There are signs for greater optimism on the UK continental shelf, according to Offshore staff quoting from consultant Wood Mackenzie. The British sector may experience a modest recovery in 2017 after the setback of last year, helped by a slowly improving oil price.
The UK has always been a high-cost offshore region, but the recent downturn forced companies to focus on reducing operating costs.
Operating costs were slashed to £16.50/boe ($20.34/boe), down more than 40% from the peak just two years ago. This helped a number of companies to survive.
Exploration and appraisal drilling hit a 50-year low in 2016, but despite this volumes discovered were the highest since 2008.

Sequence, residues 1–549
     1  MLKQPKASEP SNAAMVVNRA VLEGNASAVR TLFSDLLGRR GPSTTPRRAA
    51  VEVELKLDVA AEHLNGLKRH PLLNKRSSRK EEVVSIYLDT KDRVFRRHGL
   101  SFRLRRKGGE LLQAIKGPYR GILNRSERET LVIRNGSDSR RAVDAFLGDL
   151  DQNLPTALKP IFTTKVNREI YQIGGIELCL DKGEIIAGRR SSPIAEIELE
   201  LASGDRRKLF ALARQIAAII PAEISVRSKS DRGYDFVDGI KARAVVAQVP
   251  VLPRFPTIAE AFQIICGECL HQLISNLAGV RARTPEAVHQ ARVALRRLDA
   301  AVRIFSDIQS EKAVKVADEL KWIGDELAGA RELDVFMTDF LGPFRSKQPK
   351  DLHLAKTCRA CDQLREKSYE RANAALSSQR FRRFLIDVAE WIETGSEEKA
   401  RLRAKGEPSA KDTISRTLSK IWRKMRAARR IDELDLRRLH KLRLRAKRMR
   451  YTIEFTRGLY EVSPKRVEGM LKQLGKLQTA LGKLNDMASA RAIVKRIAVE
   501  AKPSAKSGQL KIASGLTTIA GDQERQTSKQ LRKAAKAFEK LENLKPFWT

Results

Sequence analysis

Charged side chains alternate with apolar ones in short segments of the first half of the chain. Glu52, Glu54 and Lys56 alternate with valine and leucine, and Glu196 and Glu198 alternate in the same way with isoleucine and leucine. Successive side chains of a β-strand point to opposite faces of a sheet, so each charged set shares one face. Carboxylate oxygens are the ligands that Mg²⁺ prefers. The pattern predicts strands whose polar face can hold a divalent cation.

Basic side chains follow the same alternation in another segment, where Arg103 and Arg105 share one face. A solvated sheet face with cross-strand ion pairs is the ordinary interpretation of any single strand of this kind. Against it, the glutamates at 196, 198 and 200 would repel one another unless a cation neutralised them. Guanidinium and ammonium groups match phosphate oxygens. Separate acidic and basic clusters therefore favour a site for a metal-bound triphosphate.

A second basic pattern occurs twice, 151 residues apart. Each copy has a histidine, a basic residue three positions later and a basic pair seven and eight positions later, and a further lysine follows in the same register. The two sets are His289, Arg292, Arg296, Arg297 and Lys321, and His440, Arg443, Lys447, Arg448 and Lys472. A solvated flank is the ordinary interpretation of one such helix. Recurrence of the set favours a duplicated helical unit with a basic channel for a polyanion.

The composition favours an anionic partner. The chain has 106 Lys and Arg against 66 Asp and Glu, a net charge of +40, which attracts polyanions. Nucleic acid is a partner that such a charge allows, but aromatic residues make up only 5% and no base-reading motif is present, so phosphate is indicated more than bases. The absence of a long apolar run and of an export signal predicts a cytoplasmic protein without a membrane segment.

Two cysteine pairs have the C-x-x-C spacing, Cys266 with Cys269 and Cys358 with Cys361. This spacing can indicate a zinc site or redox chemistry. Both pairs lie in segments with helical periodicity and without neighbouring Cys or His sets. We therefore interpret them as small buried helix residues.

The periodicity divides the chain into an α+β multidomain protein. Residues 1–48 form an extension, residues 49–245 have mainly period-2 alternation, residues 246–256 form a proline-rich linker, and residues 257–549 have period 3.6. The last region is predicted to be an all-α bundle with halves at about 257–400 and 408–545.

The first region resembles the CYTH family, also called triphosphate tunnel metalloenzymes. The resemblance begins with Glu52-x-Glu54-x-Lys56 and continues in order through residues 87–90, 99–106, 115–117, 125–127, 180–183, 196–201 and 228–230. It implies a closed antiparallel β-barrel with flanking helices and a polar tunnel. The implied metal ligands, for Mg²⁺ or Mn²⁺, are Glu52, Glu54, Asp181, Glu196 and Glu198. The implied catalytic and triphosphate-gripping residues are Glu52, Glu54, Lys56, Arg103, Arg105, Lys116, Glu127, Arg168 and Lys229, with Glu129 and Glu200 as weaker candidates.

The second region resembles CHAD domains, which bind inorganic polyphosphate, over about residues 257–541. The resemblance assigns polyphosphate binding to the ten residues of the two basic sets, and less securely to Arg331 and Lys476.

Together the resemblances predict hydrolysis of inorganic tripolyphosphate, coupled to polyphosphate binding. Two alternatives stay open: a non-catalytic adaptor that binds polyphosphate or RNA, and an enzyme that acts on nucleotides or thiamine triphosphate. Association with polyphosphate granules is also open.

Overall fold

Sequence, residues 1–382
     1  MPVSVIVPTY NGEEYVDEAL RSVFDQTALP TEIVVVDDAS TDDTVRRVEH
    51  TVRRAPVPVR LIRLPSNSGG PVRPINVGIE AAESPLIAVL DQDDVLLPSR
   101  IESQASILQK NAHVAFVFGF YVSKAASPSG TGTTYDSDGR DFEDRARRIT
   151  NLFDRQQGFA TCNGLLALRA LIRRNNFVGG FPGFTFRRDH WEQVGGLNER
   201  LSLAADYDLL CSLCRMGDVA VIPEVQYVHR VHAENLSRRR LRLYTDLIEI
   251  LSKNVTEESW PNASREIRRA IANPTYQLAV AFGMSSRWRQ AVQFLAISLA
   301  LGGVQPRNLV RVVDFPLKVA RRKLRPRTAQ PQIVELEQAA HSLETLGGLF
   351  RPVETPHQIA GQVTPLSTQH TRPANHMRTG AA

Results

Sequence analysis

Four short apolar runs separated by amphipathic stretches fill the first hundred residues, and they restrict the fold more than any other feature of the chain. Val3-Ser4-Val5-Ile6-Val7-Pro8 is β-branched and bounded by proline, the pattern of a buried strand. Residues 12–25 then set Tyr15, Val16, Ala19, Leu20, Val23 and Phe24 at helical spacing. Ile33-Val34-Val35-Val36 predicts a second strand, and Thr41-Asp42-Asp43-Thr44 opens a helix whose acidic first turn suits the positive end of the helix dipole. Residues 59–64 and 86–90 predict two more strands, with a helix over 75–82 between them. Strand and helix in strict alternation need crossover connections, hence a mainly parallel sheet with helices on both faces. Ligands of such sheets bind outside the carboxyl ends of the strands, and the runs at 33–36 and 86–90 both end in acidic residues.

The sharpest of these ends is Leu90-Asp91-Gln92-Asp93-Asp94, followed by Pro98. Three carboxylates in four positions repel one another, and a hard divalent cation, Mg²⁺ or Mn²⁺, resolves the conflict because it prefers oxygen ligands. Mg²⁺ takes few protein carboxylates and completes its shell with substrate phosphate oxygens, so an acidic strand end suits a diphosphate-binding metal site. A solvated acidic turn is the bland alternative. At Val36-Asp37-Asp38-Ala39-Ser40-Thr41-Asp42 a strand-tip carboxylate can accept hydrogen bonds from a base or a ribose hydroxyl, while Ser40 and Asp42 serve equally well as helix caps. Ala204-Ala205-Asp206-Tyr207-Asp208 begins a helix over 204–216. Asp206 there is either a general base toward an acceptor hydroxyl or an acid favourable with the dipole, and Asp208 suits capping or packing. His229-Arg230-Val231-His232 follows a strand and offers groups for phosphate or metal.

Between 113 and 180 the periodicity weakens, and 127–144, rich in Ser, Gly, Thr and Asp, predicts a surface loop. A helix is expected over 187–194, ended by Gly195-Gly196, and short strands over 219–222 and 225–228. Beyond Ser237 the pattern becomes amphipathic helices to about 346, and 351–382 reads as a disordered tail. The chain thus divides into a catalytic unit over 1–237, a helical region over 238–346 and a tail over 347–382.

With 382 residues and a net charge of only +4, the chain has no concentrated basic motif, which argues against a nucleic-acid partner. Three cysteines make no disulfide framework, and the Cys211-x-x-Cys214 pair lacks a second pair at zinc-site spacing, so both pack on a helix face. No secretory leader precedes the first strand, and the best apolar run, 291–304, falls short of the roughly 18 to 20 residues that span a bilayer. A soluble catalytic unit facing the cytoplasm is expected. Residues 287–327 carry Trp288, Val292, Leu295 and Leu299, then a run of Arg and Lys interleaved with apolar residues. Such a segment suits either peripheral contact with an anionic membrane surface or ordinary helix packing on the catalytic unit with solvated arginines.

This year the consultant forecasts 15 exploration wells on the UK shelf, and these should also benefit from the current low-cost environment.
These conditions will lead many companies to drilling operations, and to urge some of the biggest companies to return to explore in the UK.
Fourteen new fields are expected on-stream this year adding to the strong near-term production outlook
New UK developments are currently limited, but by 2020, about 30% of production will come from fields that aren’t on stream yet.
Capital investment has declined 20% in 2016 to £8.4 billion ($10.35 billion). The decline is due to investment projects reaching completion, a scarcity of new investments and cost reductions.
However, as investment increases across the oil and gas industry in general, this in turn will benefit the North Sea. Three new UK projects are likely to go forward in 2017 and a further three could get the go-ahead if conditions improve further.